Eric Tucker, York University, Osgoode Hall Law School; Cleveland-Marshall College of Law (Visiting), is publishing When Wage Theft Was a Crime in Canada, 1935-1955 in volume 54 of Osgoode Hall Law Journal. Here is the abstract.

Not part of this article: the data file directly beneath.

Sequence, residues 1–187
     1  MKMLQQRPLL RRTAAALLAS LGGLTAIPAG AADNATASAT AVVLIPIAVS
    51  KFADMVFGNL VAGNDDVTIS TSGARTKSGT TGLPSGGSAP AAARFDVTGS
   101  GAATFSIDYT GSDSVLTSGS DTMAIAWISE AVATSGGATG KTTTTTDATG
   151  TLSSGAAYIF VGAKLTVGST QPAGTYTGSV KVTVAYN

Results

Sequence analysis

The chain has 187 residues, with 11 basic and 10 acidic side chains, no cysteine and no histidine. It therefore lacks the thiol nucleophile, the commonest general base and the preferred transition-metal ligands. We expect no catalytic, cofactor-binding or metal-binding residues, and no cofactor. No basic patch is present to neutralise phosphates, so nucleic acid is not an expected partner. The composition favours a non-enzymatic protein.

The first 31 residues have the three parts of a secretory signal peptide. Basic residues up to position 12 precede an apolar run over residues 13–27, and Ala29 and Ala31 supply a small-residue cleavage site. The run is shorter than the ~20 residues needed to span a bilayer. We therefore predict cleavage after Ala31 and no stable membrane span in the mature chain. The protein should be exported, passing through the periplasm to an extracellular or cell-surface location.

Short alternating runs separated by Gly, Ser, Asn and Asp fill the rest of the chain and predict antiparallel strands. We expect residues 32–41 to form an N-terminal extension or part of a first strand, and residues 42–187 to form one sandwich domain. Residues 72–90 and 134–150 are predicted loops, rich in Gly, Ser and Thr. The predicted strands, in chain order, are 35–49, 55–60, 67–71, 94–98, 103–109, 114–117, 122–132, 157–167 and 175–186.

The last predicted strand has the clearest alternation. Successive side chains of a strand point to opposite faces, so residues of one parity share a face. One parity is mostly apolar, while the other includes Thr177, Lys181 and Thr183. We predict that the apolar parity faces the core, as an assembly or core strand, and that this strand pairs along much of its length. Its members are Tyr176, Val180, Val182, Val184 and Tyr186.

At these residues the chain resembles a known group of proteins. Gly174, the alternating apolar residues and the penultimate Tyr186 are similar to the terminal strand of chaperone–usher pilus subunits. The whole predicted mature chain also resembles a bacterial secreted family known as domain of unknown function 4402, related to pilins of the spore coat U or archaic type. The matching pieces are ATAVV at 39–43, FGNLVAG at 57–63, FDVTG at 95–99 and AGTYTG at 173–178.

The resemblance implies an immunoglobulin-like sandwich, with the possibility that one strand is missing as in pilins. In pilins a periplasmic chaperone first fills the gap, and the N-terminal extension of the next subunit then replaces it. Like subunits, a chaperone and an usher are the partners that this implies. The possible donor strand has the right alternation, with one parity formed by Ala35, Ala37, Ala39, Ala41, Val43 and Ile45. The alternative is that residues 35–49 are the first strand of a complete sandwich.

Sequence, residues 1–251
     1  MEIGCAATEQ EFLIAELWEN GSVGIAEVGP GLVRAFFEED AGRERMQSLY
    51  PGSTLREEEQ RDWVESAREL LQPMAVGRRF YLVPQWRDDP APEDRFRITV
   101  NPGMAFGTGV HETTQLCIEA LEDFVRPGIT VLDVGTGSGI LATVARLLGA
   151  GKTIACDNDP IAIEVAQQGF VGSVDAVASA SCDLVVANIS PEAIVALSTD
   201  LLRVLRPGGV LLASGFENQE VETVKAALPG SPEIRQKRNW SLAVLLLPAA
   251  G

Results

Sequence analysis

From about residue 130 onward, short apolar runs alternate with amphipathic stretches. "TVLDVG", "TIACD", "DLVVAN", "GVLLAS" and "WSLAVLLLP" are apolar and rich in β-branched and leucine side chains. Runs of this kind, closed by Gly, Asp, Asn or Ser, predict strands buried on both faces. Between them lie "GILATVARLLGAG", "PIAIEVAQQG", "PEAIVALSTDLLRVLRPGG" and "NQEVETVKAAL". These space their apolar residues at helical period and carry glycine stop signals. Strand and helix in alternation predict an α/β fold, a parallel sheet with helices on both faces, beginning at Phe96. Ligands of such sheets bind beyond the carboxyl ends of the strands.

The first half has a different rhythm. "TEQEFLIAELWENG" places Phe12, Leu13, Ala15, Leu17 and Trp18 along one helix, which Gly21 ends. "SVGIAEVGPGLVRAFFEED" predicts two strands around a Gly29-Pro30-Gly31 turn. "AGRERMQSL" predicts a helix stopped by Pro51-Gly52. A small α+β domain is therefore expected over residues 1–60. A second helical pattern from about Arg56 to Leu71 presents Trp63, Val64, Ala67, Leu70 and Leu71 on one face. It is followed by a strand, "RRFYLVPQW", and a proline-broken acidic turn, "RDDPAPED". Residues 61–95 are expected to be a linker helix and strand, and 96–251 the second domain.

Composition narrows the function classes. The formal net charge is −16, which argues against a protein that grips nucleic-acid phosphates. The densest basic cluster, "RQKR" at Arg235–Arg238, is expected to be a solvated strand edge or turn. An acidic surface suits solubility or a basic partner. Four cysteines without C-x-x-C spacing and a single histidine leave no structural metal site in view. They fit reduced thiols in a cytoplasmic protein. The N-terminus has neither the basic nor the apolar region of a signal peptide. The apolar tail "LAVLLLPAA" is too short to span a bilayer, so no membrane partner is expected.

In recent years the term “wage theft” has been widely used to describe the phenomenon of employers not paying their workers the wages they are owed. While the term has great normative weight, it is rarely accompanied by calls for employers literally to be prosecuted under the criminal law. However, it is a little known fact that in 1935 Canada enacted a criminal wage theft law, which remained on the books until 1955. This article provides an historical account of history of the wage theft law, including the role of the Royal Commission on Price Spreads, the legislative debates and amendments that narrowed its scope and the one unsuccessful effort to prosecute an employer for intentionally paying less than the provincial minimum wage. It concludes that the law was a symbolic gesture and another example of the difficulty of using the criminal law to punish employers for their wrongdoing.Download the essay from SSRN at the link.